Candidates for Hawaii’s next lieutenant governor shared their visions for the state at a forum Wednesday night.
There hasn’t been a more packed race for the position in recent memory.
The event was hosted by Hawaii Pacific University, and moderated by department chair and professor John Hart.
“We envision the forums as a way for the candidates to help introduce yourselves to the state’s voters and to provide them with as much information as possible in making their choices,” Hart said.
The lineup featured: state senators Josh Green, Jill Tokuda, and Will Espero, Kauai Mayor Bernard Carvalho Jr., and former Board of Education member Kim Coco Iwamoto, who are all Democrats, and Marissa Kerns and Jeremy Low, who are Republicans.
Each candidate presented opening and closing statements, and answered the same questions in rotating order.
One of the questions was, what does each candidate believe is the most pressing issue facing the state?
Kerns: “Mine is transportation. Once again, transportation is one of the most important things to our economy.”
Low: “You get out of the way when businesses want to create new jobs, when they want to invest, they want to expand.”
Tokuda: “We need to make sure we push for progressive programs and services that really will take off that burden our families, because people need help now.”
Carvalho: “I believe the lieutenant governor’s office should take on the responsibility for emergency response. I understand what it means with two hurricanes and flooding, and knowing what it has to do with first responder teams, shelter managers, first aid stations, disaster centers, emergency response teams, all of it.”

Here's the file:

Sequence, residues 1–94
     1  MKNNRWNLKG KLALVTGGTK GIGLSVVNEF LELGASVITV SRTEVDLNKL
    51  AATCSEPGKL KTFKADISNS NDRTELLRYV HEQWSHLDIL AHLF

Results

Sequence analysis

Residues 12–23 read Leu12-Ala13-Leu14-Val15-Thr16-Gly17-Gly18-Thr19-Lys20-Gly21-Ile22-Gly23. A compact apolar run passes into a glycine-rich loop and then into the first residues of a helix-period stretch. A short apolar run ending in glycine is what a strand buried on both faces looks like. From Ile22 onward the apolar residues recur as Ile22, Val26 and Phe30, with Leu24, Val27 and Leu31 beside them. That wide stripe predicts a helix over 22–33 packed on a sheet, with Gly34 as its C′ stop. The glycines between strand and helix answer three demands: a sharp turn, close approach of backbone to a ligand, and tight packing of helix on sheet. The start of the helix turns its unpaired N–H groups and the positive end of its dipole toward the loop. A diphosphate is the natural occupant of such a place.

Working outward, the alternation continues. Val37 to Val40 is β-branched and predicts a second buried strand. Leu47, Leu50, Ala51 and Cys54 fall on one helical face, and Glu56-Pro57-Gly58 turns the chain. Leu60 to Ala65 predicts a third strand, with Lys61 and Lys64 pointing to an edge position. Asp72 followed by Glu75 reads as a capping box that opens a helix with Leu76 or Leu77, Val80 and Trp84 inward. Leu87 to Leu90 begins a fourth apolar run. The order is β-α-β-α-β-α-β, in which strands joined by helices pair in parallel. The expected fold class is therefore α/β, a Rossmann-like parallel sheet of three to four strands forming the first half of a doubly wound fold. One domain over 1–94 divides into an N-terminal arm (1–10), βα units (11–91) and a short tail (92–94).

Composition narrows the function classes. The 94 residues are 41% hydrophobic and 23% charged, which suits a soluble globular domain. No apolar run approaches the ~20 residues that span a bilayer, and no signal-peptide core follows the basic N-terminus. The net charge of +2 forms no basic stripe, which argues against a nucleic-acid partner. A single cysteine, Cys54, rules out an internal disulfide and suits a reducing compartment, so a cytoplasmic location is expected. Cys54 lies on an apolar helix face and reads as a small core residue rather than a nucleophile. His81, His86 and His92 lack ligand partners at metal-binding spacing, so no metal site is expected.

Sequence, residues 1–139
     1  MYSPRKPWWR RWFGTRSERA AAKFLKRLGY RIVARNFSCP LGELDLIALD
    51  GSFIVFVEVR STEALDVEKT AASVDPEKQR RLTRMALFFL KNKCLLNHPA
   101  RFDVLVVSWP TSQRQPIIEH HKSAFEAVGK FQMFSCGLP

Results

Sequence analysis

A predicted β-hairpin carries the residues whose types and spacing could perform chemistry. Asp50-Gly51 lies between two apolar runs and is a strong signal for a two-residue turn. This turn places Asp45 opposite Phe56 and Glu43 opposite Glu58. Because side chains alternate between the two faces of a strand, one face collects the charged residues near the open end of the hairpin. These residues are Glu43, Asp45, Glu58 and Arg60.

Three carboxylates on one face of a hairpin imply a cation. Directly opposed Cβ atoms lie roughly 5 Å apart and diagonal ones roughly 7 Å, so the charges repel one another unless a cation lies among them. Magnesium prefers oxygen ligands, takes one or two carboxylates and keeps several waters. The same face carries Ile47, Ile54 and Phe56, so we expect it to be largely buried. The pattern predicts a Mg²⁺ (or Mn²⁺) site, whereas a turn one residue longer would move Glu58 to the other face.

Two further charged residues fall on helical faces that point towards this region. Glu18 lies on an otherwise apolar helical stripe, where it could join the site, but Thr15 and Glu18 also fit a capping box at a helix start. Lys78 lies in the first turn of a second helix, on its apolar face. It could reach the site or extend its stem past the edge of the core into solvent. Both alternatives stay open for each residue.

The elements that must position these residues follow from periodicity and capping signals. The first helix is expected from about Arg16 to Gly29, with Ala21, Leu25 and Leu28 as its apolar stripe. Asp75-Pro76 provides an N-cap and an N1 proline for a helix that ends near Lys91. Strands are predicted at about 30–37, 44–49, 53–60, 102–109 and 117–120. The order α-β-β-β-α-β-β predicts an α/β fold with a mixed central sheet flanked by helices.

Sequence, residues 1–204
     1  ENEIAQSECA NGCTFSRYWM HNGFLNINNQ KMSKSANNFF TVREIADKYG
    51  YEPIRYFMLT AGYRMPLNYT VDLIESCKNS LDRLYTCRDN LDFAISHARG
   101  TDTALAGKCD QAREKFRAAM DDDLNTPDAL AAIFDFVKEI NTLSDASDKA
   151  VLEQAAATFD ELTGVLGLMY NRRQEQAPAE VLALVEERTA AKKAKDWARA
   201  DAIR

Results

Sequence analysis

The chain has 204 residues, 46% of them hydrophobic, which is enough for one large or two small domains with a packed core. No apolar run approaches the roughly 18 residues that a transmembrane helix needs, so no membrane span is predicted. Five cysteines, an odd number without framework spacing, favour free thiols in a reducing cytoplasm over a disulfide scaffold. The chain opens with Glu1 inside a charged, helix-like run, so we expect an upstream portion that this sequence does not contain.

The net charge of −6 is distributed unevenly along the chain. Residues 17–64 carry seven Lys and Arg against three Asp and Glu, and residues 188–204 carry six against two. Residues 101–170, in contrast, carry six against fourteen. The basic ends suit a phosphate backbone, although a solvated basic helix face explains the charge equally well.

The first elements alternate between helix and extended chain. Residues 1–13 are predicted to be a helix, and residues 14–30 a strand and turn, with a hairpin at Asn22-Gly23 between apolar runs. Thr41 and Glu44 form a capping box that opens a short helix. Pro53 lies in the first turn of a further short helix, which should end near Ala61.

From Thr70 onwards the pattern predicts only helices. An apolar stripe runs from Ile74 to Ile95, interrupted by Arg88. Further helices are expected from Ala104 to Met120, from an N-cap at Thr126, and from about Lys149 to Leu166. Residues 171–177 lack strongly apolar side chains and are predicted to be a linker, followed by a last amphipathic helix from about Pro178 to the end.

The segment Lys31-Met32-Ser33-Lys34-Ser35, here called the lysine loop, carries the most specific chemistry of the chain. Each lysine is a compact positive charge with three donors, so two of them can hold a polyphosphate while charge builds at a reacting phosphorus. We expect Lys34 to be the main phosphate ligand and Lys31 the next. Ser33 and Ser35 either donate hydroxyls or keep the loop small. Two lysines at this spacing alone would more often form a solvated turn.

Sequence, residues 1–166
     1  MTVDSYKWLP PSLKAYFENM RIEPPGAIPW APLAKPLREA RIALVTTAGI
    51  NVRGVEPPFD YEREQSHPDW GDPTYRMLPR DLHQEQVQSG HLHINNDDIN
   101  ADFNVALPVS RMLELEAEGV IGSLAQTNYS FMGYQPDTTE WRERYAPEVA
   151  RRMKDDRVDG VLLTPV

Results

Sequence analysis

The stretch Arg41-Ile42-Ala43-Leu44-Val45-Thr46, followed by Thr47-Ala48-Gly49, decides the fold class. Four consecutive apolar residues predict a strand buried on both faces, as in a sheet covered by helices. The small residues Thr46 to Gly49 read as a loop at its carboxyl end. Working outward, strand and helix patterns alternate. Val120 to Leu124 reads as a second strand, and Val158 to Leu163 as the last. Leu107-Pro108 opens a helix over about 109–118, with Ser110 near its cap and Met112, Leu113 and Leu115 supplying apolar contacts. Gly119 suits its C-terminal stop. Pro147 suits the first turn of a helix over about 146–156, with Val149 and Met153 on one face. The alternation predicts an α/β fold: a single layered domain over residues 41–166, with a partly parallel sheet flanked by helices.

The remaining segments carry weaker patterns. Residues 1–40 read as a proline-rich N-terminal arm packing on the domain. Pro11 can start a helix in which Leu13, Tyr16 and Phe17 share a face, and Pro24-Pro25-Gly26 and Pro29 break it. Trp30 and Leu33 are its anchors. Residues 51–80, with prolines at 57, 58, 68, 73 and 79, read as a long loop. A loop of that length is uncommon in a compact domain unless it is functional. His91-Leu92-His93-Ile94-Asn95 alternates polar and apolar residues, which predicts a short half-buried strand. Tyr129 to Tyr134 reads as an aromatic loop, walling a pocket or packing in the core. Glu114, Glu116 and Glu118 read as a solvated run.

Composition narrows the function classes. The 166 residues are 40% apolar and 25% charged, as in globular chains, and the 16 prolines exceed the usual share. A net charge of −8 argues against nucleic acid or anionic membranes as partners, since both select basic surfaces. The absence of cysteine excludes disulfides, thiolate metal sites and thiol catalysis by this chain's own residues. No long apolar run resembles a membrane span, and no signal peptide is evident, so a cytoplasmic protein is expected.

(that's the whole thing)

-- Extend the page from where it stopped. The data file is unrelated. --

Espero: “As the Senate housing chair, I want to end homelessness. I want to make certain our residents have affordable housing and rentals, because housing is the number-one cost driver on the cost of living here.”
Green: “There are many parties and working class folks who need help, because everyone is one or two paychecks from becoming homeless, which is why this is the largest issue we have to deal with. The fact that we have 12,000 homeless among us in a relatively rich state, of them, 20 percent are chronically homeless.”
Iwamoto: “At the legislature, the voices of the neighbor island voters and citizens are silenced. We don’t offer them any kind of remote satellite testimony, which we could do when I am lieutenant governor. I will set up a remote satellite into our office.”
So far, none of the Democratic lieutenant governor candidates have made an endorsement in the governor’s race.
HPU will hold a similar forum for the Congressional District 1 candidates in March.